posted 29 Sep 2010 in Volume 14 Issue 1
David Gurteen explains why a break from the norm can encourage new ways of thinking and make a real difference in change management
I have just come across a knowledge management (KM) tool that I had not heard of before, despite it being around for ten years or more.
I have not read about it in any KM book or blog, or heard it talked about it in a conference. But it is one of the most powerful, exciting tools I have come across. It comes from the international development world and is called ‘positive deviance’ (PD).
PD is an approach to behavioural and social change based on the observation that in every community there are individuals or groups (so-called positive deviants) whose behaviours and strategies enable them to find better solutions to problems than their peers even though they have access to the same resources and face similar challenges.
PD has been used to address many diverse issues in the international development and health sectors. It was first applied by Jerry and Monique Sternin, through their work with Save the Children in
At the start of the pilot over half of the children in the pilot villages were malnourished.Via a PD inquiry, the villagers found poor parents in the community that had well-nourished children. They discovered that these families were feeding their children foods that other villagers considered inappropriate; they washed their children’s hands before meals, and actively fed them three to four times a day instead of the typical two meals a day.
It was these simple ‘deviant behaviours’ that made the difference. But instead of telling parents what to do differently, they helped the villagers design a programme to act themselves into a new way of thinking. To attend a feeding session, parents were required to bring one of the newly identified foods. They brought their children and, while sharing meals, learned to cook the new foods.
At the end of the two-year pilot, malnutrition fell by 85 per cent – an amazing outcome! The villagers were helped to discover this for themselves. No experts were involved and no extra resources needed.
The PD approach is best suited to problems that require behaviour and social change. It is based on the following principles:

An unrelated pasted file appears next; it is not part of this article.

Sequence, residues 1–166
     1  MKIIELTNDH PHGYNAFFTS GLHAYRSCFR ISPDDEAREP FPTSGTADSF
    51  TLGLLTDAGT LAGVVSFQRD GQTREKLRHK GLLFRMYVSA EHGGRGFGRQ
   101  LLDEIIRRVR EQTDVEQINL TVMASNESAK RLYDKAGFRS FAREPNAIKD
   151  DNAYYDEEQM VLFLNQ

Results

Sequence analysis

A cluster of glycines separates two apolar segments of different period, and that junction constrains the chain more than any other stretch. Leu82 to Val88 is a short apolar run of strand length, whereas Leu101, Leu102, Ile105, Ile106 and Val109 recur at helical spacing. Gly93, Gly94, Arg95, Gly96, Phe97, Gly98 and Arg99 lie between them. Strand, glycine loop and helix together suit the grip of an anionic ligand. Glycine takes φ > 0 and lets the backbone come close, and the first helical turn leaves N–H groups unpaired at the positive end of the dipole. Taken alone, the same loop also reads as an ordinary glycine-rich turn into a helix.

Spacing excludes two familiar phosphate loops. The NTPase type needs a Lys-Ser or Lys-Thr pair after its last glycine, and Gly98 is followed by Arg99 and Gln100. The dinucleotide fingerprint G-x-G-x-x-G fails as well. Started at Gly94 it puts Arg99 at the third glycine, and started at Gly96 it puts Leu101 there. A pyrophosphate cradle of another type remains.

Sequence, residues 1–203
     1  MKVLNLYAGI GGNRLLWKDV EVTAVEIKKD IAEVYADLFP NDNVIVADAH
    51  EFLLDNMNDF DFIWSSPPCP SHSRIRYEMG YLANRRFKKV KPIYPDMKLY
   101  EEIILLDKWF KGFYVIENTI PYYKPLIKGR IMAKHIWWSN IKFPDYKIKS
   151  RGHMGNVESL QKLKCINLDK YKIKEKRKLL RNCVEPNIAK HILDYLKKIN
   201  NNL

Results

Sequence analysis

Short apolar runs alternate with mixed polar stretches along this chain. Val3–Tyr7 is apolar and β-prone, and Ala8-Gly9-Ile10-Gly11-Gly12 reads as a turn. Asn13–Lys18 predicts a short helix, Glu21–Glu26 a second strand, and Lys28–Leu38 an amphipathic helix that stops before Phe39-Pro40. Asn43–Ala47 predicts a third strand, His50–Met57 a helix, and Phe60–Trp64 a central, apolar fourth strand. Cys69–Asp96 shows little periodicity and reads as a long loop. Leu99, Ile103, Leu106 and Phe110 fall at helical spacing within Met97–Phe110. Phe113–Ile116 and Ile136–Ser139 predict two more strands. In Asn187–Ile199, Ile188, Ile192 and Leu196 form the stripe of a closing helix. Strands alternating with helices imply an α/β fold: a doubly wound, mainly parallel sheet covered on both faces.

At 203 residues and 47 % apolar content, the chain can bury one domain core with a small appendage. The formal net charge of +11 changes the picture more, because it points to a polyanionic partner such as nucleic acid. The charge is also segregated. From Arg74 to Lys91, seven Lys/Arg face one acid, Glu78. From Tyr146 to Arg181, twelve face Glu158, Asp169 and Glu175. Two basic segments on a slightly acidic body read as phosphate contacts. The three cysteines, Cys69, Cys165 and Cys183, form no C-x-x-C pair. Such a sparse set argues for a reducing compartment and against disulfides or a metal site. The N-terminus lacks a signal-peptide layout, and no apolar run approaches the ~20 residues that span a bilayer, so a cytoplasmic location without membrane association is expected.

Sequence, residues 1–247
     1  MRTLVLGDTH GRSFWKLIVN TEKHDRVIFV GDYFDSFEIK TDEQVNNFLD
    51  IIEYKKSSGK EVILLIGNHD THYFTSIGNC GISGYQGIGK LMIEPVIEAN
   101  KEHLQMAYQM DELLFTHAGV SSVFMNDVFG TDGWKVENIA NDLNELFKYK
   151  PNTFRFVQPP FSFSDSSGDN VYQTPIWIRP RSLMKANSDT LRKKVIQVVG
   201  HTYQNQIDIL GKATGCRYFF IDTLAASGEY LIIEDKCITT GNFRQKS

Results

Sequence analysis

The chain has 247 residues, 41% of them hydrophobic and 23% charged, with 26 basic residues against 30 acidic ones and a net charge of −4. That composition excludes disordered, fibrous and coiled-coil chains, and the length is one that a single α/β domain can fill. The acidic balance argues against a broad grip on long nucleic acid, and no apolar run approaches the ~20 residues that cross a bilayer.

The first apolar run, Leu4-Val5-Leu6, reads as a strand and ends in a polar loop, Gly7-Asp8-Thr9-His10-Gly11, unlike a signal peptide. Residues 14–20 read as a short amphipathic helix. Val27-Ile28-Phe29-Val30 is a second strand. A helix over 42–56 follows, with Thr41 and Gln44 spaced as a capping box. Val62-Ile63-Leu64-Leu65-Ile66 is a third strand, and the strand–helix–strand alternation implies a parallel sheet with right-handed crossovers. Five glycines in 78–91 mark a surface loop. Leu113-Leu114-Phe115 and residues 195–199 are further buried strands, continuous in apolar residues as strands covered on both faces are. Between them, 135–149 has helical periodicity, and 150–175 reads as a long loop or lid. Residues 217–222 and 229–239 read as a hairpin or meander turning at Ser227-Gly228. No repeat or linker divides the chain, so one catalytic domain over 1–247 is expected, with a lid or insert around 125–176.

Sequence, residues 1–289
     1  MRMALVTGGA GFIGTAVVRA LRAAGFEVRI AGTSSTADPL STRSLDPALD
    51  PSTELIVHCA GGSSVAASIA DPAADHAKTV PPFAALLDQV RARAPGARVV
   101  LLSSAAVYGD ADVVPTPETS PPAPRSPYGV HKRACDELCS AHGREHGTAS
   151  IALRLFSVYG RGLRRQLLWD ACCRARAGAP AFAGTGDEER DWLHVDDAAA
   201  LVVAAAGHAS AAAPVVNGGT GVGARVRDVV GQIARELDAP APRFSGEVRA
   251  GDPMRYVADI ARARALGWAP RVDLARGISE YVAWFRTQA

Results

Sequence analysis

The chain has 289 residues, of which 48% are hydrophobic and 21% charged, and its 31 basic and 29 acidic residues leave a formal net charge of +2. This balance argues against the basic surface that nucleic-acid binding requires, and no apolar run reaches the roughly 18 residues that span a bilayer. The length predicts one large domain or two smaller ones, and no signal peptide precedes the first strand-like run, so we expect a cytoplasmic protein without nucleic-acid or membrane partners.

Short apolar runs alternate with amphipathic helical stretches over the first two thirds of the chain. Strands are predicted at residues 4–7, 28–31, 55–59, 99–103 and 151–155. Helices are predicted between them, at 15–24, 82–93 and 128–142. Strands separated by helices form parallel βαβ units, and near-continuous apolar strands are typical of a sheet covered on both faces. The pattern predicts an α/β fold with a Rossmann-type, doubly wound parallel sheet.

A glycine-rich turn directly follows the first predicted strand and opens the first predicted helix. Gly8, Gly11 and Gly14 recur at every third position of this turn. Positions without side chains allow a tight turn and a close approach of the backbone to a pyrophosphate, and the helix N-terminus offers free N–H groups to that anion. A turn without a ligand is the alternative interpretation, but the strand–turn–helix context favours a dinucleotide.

Communities already have the solutions to the problems they face and are the best people to solve them;
Communities have the people and the ability to self-organise to respond effectively to their common problems;
Know-how is not concentrated in the leadership of a community or in external experts but is distributed throughout the community;
The PD approach enables communities to discover sustainable responses to given problems because the demonstrably successful but not widely adopted behaviours are already practiced in the community; and
It is easier to change behaviour by practising it rather than being taught about it. ‘It is easier to act your way into a new way of thinking than think your way into a new way of acting’.
You can learn more on PD from the website, www.positivedeviance.org, or from the book The Power of Positive Deviance by Richard, Pascale, Jerry Sternin and Monique Sternin.
PD has been applied in the private sector but so far with nowhere near the success as in international development and health. There seems to me to be a number of reasons for this. But the main one is that the approach is totally facilitative. The community not only identifies the problem they wish to tackle but are also responsible for the inquiry that takes place, and the development and execution of the solution.
This is not how things normally work in business organisations. We are still caught up in the paradigms of ‘telling people what to do’ and ‘doing things to people’ rather than helping them to figure it all out for themselves.
PD is a very powerful tool. Expect to hear a lot more about it.
David Gurteen is founder of Gurteen Knowledge and a member of the Inside Knowledge editorial board. He can be contacted via his website at www.gurteen.com